Hospital Time


What do you do to while away hours in a hospital?  Besides the fact that everyone has wireless laptops now?  I'm in the hospital for a few days.  My son (13) is beginning another limb-lengthening (secondary to the fact that he had cancer at age 3 and his femur isn't growing) procedure.  Today they put on the external fixator.  Nasty little procedure that!

What's a mom to do in order not to go insane?

Well, I decided to write a post!  It's somewhat unhealthy therapy, isn't it? 

The number one thing to do is to worry about everything.  How much pain he's in, how white his lips look, whether he's getting enough to drink and staying hydrated, how much he's bleeding, whether he's got warm blankets or not....the potential list for mother's is endless!

The number two thing, and my personal favorite at the moment, is to complain about the residents!  Some of my best friends were residents once, but I choose to ignore that reality when I come face to face with the arrogance and lack of consideration shown by some of them.  I do believe my son has learned the majority of his swear words listening in on my conversations with residents - I don't take being put off by them very well!  I've learned, over the past 10 years, that I am the best advocate my son will ever have and that medical professionals - while I truly respect and admire them - aren't infallible!  What galls me is when I come up against residents.  I have no idea why they bother me so much, but they just send my hackles flaring!!!!!!

The number three thing is to work and take my mind off my own reality.  It's very cathartic, especially given that I work with an organization working to help wounded troops.  I was walking the halls of the children's hospital thinking of all the mothers who are worried about their sons and daughters in hospitals around the country and world.  I held them all in my thoughts and prayers as I walked the halls.   I also thought of the hundreds of seamstresses out there working to provide comfort and decency to wounded troops and to the thousands of volunteers in so many organizations working to help the troops and others.  I was thankful for their willingness to reach out and bring comfort to others in hospitals.

The number four thing is to thank God that my own crisis is nothing compared to many around me.  Boy, nothing puts your own life in perspective as time in a Children's Hospital.  So many people enduring so much as parents that I can't even begin to imagine!  There are some really amazing parents and children out there who daily encounter situations and stresses that I couldn't begin to handle.  Held them in my thoughts and prayers too, while I was walking around the halls.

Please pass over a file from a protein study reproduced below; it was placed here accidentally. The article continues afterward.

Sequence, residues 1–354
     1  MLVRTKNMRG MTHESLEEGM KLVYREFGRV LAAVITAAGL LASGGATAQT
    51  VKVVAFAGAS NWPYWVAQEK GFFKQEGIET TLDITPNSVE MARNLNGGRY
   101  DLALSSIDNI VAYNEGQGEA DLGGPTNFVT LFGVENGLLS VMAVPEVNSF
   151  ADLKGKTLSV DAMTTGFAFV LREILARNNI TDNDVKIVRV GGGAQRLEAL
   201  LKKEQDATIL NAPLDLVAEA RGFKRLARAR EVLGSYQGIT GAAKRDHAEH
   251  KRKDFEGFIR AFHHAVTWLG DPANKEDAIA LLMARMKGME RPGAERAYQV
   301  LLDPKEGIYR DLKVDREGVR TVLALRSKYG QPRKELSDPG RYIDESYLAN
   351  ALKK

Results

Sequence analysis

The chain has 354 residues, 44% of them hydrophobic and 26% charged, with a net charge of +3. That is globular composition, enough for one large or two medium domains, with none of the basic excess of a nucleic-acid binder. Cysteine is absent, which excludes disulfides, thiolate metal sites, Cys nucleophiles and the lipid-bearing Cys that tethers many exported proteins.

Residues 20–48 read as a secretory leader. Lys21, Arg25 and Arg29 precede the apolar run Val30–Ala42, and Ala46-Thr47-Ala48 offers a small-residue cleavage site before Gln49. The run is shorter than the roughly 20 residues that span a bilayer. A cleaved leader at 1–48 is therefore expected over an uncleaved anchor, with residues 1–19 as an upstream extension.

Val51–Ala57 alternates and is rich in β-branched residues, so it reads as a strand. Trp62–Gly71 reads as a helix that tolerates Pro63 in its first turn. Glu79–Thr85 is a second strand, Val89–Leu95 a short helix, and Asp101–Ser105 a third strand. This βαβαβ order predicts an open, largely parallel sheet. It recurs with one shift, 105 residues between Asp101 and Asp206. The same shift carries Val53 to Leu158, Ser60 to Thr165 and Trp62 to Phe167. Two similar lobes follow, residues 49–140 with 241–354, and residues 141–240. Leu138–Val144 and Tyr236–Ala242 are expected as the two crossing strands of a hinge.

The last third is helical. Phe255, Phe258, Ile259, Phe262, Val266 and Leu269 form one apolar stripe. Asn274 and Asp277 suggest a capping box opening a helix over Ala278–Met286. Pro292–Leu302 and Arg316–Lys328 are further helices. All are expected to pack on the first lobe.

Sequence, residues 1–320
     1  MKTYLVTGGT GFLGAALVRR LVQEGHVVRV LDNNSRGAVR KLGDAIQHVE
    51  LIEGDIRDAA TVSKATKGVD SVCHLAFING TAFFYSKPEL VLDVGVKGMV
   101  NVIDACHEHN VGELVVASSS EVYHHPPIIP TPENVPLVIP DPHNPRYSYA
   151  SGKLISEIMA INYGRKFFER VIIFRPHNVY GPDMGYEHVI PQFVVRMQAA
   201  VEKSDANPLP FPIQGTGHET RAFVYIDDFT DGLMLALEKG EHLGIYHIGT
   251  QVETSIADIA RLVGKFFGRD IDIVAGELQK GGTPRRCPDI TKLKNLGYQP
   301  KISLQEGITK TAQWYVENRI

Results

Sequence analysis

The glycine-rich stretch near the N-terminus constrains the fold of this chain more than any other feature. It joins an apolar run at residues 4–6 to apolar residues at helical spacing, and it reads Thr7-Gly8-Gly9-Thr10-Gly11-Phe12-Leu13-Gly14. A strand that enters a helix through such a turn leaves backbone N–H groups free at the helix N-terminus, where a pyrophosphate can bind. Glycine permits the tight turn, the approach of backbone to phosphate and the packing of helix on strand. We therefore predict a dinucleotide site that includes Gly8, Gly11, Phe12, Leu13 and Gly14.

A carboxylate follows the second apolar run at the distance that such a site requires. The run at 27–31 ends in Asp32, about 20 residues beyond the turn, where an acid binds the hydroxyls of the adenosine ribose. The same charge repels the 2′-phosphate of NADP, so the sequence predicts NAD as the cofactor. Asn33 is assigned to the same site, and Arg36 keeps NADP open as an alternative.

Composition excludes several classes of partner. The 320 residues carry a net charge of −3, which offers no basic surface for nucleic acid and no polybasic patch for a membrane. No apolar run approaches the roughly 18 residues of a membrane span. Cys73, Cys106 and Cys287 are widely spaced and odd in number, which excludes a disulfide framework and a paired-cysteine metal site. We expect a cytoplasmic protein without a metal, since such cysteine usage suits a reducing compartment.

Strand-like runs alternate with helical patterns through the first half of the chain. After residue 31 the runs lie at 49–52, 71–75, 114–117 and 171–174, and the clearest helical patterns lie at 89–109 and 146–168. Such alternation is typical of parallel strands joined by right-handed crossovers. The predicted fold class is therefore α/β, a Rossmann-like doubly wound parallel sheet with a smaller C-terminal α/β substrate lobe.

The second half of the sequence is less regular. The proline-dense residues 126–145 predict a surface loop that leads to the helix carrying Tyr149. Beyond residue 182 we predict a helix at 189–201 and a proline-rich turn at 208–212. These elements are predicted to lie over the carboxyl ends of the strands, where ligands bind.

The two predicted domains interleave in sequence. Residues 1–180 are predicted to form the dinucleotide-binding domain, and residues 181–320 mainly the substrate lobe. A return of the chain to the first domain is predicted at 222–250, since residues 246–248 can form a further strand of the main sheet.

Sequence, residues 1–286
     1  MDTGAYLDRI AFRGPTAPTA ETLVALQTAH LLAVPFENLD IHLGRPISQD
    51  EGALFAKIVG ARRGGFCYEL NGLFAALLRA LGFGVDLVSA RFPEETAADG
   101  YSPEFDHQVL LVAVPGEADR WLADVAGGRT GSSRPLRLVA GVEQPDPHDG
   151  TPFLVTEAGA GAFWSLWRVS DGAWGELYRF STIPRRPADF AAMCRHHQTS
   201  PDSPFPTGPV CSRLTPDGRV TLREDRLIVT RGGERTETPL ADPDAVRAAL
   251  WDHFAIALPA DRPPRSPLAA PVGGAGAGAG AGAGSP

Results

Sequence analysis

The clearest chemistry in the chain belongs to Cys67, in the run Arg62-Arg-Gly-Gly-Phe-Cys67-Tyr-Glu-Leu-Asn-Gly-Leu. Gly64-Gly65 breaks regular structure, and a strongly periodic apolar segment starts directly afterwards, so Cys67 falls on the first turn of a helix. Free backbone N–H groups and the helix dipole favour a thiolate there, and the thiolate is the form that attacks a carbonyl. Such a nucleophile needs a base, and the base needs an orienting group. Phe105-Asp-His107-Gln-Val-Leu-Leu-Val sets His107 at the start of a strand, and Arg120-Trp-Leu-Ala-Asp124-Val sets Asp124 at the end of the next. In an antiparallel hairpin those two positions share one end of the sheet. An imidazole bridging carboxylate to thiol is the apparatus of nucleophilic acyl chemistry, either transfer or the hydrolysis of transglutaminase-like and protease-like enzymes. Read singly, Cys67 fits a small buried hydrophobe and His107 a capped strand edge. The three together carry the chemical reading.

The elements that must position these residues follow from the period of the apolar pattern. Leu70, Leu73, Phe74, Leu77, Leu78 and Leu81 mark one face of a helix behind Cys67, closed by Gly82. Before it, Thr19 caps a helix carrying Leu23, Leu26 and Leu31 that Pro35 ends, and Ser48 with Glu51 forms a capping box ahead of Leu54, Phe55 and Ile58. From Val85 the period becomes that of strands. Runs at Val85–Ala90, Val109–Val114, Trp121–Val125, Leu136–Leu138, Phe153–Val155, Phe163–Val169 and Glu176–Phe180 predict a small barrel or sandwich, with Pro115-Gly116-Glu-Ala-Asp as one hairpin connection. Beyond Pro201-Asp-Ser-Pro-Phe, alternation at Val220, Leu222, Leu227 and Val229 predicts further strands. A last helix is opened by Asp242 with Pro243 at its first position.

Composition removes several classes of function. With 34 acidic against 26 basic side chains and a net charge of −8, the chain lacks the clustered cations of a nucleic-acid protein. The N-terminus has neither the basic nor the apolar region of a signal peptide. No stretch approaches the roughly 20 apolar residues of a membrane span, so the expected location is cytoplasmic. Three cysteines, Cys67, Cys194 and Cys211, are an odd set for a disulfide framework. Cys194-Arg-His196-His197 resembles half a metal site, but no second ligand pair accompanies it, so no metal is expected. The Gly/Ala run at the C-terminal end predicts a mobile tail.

The number five thing I do to while away my day is to read mind-numbing useless novels.  I swear it keeps your mind sane.  Nothing like jumping into another reality to keep your mind off the nerves jumping out of your skin.  Where do they get these plots????  There's another post though!

The last thing I do is thank God for the people who are willing to become medical professionals.  I realize this may seem like it's in contrast to my diatribe on Residents, but they aren't really medical professionals yet, are they????  Seriously though, these dedicated men and women astound me. 

I recently had the opportunity to go to Landstuhl, visit patients and load a medivac.  The wounded troops always astound me with their courage, chutzpa and determination.  What I didn't fully appreciate before was the 24/7 compassion and dedication of the military medical and support personnel.  They astounded, humbled and impressed me.  People in this line of work go above and beyond in service to their patients.  As one member of the team that transports patients to and from the flight line told me, " It's more than a profession, it's a ministry".  So true.  And here I am, once again, relying on these angels to carry my son and myself through another medical crisis!  They do it so well and they do it day in and day out.  For all of you out there involved, in whatever way (yes, even residents!) in the medical profession - thank you!  Bless you for your dedication to the patients you serve and their families who are witnesses to your capacity for kindness, caring and the many miracles you provide us with daily!

We'll be in the hospital for another three days or so and then we begin the long and painful process of breaking and stretching my son's femur bone!  I'll let you know if I come up with any other methods of fending off madness, and if you have any suggestions......For now, he's sleeping and I think I'll try to stretch out in the comfy pull out lounge chair and sleep. 

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